WLSB meets ranchers, vets about brucellosis in Pinedale
SUBLETTE COUNTY – The Wyoming Livestock Board and State Veterinarian Dr. Hallie Hasel met up in Pinedale on a very rainy Tuesday morning, June 20, to discuss cattle-brucellosis issues, approve rules and review the budget.
Area ranchers, brand inspectors and veterinarians attended the meeting with luncheon hosted by the Green River Valley Cattlemen’s Association, represented by president/ rancher/ brand inspector Mike Vickrey.
Sublette County producers are in the Wyoming brucellosis designated surveillance area (DSA) around Yellowstone where wild elk and bison with brucellosis can commingle with cattle and domestic bison and transmit the disease.
WLSB Director Steve True gave updates on aspects of administering Wyoming’s DSA to maintain its brucellosis-free status for other states to accept DSA cattle.
Ranchers need to coordinate shipping with vets for timely blood tests and brand inspectors for health forms, staff and board members acknowledged.
True said full-time eligible brand inspectors will be earning an 8.5-percent raise after a previous “straight dollar raise” to start new brand inspectors with better pay. Full-time inspectors will also receive access to state benefits.
Veterinarians’ compensation for certain DSA brucellosis vaccinations and bloodwork will be raised as well, True said.
WLSB needs a new website and a new IT system with an interactive site where people can fill out forms online, he said, estimating $50,000 for the website and $120,000 a year for the system. Both were approved.
True said the new animal health operating system could connect vets, producers, brand inspectors and the Wyoming State Vet Lab to fulfill Dr. Hasel’s legislative requirements.
She gave a “quick elevator talk” about the proposal – vets can load health inspections into the computer for almost immediate receipt at her office.
Now, staff create spreadsheets; the new program will extrapolate eartag data collected over years, she explained. “It’s a night and day difference.”
Assistant state vet Dr. Teckla Webb reviewed DSA herd plans for brucellosis risk assessment and mitigation, which must be renewed annually in northwestern Wyoming. A computer analyzes a herd’s risk of exposure to elk, feedgrounds proximity and herd management and assigns a “risk level.”
Herd plan recommendations such as 100-percent calf vaccination are updated every year “and are not set in stone,” Webb said. But a whole-herd quarantine is far less likely if the producer has an up-to-date WLSB herd plan, according to Webb and Hasel.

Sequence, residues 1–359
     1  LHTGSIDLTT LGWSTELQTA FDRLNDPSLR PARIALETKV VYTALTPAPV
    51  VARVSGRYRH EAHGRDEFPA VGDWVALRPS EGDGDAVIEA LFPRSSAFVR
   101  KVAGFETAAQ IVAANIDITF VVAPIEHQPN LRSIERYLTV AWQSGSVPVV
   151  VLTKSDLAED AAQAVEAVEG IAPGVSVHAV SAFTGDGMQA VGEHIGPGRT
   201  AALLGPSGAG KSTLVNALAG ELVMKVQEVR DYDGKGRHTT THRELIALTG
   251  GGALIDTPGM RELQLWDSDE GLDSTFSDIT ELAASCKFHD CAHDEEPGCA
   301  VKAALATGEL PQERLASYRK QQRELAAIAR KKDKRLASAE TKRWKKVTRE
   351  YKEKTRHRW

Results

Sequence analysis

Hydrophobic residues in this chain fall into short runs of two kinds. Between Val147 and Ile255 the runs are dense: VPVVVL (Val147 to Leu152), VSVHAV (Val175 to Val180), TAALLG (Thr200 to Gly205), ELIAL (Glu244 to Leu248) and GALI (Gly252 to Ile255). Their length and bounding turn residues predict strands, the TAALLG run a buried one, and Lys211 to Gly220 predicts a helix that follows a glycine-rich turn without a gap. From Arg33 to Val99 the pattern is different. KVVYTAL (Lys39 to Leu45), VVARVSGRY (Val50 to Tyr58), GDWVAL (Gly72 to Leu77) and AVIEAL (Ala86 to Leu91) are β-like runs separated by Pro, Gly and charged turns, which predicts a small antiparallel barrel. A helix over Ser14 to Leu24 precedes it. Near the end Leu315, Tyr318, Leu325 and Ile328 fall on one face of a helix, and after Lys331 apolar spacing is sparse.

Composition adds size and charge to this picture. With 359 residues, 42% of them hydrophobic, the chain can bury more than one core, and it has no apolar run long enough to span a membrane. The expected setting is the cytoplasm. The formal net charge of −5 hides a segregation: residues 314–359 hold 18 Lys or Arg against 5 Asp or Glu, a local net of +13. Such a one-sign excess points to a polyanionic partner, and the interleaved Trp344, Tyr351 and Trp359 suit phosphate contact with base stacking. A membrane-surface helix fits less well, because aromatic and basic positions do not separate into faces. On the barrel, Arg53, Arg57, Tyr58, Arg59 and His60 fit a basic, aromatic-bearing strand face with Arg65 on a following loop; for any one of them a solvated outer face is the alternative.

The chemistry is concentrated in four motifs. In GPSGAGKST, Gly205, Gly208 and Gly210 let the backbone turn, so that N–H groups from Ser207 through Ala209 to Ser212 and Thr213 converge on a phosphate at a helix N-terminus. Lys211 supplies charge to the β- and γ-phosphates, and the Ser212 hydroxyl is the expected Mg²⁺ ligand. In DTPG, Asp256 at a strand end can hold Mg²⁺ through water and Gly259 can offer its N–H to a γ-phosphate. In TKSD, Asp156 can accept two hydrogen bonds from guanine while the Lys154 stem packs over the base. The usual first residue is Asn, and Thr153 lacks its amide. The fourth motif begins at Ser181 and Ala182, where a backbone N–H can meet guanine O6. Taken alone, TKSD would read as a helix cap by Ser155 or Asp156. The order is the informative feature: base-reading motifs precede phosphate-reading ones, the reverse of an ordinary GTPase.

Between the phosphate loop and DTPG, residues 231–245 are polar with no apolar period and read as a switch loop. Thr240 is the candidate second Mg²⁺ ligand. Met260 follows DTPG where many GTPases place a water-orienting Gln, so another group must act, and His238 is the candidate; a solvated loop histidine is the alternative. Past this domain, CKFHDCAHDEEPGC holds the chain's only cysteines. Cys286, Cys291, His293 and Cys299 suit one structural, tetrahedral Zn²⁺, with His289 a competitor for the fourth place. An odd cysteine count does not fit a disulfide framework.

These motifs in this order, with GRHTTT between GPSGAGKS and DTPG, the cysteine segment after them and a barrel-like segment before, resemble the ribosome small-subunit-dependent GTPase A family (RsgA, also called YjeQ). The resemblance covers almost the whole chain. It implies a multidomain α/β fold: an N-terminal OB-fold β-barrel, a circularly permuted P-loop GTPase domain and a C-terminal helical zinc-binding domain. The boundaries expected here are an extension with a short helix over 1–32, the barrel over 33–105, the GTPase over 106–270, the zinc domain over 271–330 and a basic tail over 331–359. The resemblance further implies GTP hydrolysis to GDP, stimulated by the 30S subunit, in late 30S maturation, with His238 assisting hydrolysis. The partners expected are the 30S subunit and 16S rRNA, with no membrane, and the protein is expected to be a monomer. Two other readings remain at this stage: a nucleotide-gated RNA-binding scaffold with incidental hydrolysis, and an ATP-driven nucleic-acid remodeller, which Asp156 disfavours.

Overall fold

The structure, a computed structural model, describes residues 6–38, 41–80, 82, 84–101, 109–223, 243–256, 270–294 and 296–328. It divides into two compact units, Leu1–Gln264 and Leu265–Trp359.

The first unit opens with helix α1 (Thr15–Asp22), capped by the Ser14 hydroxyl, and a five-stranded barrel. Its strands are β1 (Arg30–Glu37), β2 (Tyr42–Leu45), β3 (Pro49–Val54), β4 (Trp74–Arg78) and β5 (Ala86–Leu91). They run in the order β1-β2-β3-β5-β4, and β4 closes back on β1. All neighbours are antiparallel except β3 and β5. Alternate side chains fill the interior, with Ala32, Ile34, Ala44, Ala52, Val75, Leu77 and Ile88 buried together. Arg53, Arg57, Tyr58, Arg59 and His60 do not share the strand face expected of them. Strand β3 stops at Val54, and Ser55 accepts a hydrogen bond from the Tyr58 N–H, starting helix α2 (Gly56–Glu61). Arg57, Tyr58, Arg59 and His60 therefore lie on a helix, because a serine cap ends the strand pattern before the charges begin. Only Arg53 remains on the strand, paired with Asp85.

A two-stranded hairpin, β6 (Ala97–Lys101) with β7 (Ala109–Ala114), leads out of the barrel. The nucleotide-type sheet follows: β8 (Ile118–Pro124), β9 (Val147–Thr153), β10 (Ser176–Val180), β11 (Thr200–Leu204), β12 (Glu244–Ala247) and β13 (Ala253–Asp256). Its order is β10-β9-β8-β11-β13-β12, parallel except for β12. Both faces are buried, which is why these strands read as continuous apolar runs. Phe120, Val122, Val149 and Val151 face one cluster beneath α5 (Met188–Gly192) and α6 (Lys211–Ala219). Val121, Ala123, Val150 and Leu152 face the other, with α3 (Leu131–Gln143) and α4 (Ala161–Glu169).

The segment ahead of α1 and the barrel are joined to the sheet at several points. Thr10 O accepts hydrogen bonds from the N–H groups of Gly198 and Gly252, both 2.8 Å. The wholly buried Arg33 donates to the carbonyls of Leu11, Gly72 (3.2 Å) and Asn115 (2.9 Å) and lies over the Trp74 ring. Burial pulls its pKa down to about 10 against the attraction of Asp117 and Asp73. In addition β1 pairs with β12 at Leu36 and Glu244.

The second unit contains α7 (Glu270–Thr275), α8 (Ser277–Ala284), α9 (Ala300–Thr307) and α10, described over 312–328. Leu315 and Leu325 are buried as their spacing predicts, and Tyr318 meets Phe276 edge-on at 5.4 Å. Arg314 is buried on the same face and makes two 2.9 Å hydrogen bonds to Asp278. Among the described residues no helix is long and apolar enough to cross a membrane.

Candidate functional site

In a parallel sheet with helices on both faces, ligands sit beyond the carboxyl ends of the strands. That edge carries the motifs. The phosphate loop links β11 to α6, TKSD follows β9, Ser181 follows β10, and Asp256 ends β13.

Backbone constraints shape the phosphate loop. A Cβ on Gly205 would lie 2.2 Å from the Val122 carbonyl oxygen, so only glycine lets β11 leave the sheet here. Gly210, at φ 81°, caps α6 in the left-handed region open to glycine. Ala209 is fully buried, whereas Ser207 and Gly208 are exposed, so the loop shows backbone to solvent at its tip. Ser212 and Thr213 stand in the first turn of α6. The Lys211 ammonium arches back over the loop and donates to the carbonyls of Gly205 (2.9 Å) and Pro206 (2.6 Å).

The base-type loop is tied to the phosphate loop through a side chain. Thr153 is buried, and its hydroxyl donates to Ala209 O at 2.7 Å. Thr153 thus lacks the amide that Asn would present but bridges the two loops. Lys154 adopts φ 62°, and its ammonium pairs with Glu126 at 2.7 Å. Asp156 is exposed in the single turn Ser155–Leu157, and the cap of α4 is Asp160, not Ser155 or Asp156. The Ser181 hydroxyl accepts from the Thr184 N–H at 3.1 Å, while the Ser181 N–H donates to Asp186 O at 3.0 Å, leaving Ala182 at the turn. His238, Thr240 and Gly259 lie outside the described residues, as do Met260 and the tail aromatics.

Debate among the WLSB and attendees focused on quicker communication “protocol” for the State Vet Lab to notify a DSA producer as soon as possible about a possible “non-negative” (a positive or “suspect”) animal’s blood test result.
House Speaker Rep. Albert Sommers, a Pinedale rancher, started working on House Bill 180, for a press release to notify relevant DSA producers, vets, brand inspectors of nonnegative results within three days, True said. HB 180 is changing with input and not everyone seemed happy with it.
“That is requiring us to release a nonnegative’s preliminary test; those preliminary results could change,” Dr. Hasel said.
True said his main concern is a producer’s right to confidentiality and WLSB’s own rules. “The protocol has to be within those guidelines.”
Vickrey put on several hats during the meeting. If people hear about a possible nonnegative in the county, people start calling him as a brand inspector asking what to do. He often doesn’t hear from the state vet’s office, he said. Many herds share fence lines, allotments and shipping timeframes that complicate delivery.
“I’ve fought for 20 years for the State Vet’s Office and WLSB to give (brand inspectors) a head’s up,” he said. “When somebody finds out they’ve got a nonnegative it spreads like wildfire. We need someone here (in the DSA) to coordinate.”
Eden Valley brand inspector Gary Zakotnik said vets and ranchers call him to find out what’s going on. “I do not have a clue.”
Vet Nikki Marincic Weaver added, “It’s embarrassing when I have to say I haven’t heard anything.”
Another vet, Tim Rutar, suggested such important information should be directed at the herd owner and his or her veterinarian.
Dr. Hasel said this bill would require her office to release news within three days; she would rather wait until the federal APHIS lab confirmed a positive result.
True said the WLSB needed to “be circumspect” in revealing timely information. Hasel asked about sending a press release to vets and brand inspectors several hours in advance of making news public.
“As a cattleman in Sublette County, I want (test) information. Now,” Vickrey said. Sometimes it takes days for blood samples to be tested, he said.
Rancher Steve James of Daniel said the protocol discussion “might make a simple thing more complicated. If you get a positive, the only people that need to know are the owners. If (the lab) knew within an hour, contact the vet and owner as soon as possible and the whole rest could be eliminated.”
Vickrey said, “This (designated surveillance) area – we’re keeping everybody else brucellosis free.”
Dr. Hasel asked if there is a time limit for Sommers’ proposed protocol.
True said there is not – but he wants more input and plans more local get-togethers. WLSB also approved changes to Chapters 6 and 25.
The Wyoming Livestock Board’s next meeting is in Rock Springs on Aug. 22.